If all scientists are created equal, then all MDs are likewise equivalent. So I’ll ask my podiatrist to prescribe my heart medicine and ask my cardiologist – who hasn’t touched a scalpel in 30 years – to take off my bad toe nail. My point, of course, is that these are not climate experts, as they do not represent a community expert in the details of climatology. A petroleum geologist can no more tell us about cloud feedback than a climatologist could competently tell us about oil reserves(p. 146.)
Nonetheless, in his own valiant battle against his disease, Schneider did not passively accept dicta from authority, but sought to understand the details as best he could, describing himself as “The Patient from Hell”:
To increase the odds against the disease, mantle cell lymphoma, Dr. Schneider, 60, involved himself in every aspect of his treatment. How he pushed his doctors to experiment with new techniques to control the cancer is the subject of a book he has just completed, tentatively titled “The Patient From Hell: Getting the Best That Modern Medicine Can Offer.” Da Capo Press/Perseus is to publish it in the fall.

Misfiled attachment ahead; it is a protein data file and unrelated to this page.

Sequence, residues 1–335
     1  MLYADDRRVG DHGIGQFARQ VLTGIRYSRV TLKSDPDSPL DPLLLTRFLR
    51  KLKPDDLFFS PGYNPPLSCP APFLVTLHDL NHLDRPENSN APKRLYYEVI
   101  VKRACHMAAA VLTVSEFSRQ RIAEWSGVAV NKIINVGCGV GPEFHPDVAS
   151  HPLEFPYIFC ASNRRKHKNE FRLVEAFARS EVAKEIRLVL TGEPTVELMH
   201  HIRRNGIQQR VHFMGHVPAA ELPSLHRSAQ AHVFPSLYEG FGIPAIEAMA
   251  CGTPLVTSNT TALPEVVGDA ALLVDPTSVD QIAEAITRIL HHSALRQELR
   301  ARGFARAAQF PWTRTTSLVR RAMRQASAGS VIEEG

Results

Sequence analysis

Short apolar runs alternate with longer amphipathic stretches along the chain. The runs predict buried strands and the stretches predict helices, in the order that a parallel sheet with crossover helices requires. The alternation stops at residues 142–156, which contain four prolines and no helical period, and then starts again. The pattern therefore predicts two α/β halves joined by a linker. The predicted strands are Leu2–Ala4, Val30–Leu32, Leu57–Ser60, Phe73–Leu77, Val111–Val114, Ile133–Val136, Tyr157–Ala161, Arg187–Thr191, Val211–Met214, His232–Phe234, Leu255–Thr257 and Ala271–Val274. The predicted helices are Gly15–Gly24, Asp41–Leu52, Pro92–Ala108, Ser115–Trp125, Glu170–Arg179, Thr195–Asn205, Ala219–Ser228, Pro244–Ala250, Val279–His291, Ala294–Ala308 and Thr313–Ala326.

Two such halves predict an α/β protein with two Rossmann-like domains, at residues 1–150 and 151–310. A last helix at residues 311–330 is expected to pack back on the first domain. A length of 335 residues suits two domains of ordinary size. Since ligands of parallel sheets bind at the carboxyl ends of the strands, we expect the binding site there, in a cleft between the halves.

As I noted above, at his best, Schneider was engaging and cheerful – qualities that I prefer to remember him by. I was unaware of his personal battles or that he ironically described himself as “The Patient from Hell” – a title that seems an honorable one.